Context: This quotation is from one of the romantic pastoral poems which became a convention in the sixteenth century. The familiar elements are all present: the idealized life of the shepherd in a make-believe world where shepherds feed their flocks to the sound of the birds' madrigals. The poet will make for his beloved "beds of roses," a gown of the "finest wool," slippers with gold buckles, while the shepherds dance and sing for her delight in the eternal springtime. If these pleasures prove attractive, then let her be his love. Sir Walter Raleigh in 1600 wrote a satirical reply to Marlowe, beginning "If all the world and love were young," and John Donne in "The Bait" (1633) used Marlowe's opening line as the start of a very different kind of poem. Marlowe's opening stanza is as follows:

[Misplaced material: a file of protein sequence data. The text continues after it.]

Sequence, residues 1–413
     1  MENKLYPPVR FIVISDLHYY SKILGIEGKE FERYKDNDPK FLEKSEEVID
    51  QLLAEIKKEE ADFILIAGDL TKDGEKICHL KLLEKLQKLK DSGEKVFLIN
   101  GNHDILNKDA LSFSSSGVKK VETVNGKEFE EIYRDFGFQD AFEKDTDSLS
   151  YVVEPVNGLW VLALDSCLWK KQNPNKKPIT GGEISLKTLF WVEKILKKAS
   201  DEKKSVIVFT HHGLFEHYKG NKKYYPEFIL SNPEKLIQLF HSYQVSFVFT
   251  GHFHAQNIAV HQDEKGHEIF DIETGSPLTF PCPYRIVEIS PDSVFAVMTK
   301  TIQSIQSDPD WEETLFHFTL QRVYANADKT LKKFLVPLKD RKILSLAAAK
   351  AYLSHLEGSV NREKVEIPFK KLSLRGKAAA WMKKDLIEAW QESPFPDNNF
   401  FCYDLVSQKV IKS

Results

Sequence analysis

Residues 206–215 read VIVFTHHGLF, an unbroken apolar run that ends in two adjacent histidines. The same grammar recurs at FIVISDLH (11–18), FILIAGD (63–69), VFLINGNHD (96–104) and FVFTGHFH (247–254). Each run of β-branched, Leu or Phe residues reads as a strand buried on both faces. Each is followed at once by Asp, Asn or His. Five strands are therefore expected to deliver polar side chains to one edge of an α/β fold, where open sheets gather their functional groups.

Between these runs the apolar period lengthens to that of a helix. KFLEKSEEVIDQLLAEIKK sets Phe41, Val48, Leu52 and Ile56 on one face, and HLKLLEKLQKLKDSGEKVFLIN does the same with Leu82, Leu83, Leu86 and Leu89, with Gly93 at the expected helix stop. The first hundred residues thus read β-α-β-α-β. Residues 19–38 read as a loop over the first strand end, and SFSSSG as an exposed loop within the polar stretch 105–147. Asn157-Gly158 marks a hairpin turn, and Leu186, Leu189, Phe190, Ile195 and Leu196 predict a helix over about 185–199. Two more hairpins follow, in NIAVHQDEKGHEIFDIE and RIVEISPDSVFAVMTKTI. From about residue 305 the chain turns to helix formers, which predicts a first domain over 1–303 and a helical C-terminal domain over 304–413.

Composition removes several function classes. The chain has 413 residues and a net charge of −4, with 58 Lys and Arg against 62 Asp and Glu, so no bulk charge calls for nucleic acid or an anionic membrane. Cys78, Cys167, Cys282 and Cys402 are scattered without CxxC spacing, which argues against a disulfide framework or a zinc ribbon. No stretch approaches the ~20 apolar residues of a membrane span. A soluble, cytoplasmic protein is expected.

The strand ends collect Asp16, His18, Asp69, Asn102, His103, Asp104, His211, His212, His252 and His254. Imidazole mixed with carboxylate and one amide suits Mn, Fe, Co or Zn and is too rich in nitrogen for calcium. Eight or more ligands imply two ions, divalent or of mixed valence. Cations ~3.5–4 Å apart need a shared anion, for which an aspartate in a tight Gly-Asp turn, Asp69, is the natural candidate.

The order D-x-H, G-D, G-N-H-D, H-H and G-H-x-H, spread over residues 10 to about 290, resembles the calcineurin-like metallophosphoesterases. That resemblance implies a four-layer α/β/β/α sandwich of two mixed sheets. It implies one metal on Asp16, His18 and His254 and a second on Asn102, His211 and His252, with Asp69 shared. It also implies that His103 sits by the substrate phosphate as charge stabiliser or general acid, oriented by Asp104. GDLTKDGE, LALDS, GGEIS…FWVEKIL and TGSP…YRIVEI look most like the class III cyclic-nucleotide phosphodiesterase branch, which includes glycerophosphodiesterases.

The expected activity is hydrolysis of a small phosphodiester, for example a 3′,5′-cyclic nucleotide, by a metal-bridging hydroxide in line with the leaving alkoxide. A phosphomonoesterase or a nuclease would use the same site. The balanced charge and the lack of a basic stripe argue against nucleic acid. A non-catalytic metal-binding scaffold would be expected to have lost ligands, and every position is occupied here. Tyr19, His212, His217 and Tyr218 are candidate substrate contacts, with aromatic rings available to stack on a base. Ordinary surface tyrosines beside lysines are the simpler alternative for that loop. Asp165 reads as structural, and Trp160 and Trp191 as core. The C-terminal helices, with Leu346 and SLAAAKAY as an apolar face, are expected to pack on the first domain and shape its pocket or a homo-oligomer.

Come live with me, and be my love,
And we will all the pleasures prove,
That valleys, groves, hills, and fields,
Woods, or steepy mountain yields.